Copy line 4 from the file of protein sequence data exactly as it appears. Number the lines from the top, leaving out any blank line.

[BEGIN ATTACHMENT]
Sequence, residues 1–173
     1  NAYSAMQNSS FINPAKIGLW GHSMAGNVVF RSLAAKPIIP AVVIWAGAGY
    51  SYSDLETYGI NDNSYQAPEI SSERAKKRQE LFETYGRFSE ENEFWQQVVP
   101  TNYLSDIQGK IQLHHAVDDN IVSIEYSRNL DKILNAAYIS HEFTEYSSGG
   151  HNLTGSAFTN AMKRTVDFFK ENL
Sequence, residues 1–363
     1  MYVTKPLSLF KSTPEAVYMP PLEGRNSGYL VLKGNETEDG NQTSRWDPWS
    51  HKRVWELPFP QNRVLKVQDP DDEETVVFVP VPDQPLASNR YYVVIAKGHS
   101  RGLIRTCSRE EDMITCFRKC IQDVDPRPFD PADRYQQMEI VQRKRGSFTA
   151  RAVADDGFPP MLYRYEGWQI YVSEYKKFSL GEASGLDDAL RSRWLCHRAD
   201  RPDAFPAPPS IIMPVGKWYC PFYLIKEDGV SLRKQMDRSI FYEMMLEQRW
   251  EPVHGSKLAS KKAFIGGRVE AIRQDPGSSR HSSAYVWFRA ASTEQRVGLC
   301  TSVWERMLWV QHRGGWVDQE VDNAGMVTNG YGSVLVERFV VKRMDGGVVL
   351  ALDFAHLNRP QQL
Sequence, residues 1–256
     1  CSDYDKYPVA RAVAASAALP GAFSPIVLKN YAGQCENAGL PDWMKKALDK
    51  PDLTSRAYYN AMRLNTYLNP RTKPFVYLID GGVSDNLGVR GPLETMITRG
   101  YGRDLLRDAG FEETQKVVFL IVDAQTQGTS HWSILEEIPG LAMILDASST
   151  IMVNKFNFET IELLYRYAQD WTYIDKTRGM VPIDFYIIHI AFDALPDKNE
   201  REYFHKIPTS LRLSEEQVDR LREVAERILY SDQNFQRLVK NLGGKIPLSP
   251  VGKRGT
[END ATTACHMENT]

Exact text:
   101  TNYLSDIQGK IQLHHAVDDN IVSIEYSRNL DKILNAAYIS HEFTEYSSGG